It was painful for me to watch. It tugged on my momma heart strings more than once. I had to fight the urge to rescue them. I covered them in prayer consistently. I wondered how women in third world countries ever survive the devastation of watching their children suffer and die. I could barely watch my children suffer a little.

The morning of day 3 the boys began to crack. Morning had come especially early, the jugs seemed incredibly heavier, and the 11 yr old had not eaten in 2 days. Day 1 he discovered that he did not like plain rice and beans at all and was waiting to get hungry enough that it would become appealing and he would be able to stomach it. However this time had not yet come.

He cried that afternoon(so rare to ever see this child cry) - hunger, chestpain, a headache and fatigue got the better of him. He was burning up and I started to worry about him. I brought him in for a couple of hours, gave him some Tylenol and let him rest.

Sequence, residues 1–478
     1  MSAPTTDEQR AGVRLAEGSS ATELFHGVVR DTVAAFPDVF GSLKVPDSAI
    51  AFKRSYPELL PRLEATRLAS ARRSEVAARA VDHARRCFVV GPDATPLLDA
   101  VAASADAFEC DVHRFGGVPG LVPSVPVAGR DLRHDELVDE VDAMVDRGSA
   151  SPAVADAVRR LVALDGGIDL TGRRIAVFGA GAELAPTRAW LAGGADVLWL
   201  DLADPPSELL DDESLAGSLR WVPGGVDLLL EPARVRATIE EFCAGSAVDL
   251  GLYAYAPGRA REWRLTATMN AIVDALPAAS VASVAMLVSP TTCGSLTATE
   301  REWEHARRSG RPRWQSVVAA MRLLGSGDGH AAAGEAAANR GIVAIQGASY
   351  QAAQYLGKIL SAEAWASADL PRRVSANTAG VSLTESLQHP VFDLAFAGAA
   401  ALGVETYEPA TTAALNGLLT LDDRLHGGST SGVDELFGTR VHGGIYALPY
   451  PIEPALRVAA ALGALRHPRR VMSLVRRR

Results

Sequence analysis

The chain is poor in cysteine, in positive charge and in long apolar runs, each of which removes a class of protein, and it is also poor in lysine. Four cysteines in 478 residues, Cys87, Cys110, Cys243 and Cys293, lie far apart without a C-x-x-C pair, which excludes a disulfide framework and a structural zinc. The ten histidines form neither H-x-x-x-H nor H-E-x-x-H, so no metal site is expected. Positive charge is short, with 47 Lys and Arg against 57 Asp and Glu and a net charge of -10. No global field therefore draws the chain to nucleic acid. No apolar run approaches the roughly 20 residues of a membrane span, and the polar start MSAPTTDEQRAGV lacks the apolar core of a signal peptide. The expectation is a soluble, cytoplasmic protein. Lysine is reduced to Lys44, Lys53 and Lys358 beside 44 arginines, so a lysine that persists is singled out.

He woke up with a renewed sense of purpose and determination to finish the task at hand. He shared with me how he felt that being so sick and hungry he was even better able to empathise and relate to what many impoverished children must feel on a daily basis. I have never felt so proud of him.

The 13 yr old however, was crusty. He was not happy about his circumstances, he was angry, full of self-pity and unwilling to see beyond himself. Afterwards I found out that he had not read his Bible that day and felt that he was under attack spiritually. He moped and was unpleasant most of the day. Because of an infraction system we had set up ahead of time that related to the amount and quality of work that had been accomplished he had already lost his pillow for the night, his plate, cup, eating utensils and finally his last meal of the day. He also earned an extra hour of work to be done during his free time.

I started to doubt our decision, wonder who this child was, feel sorry for myself!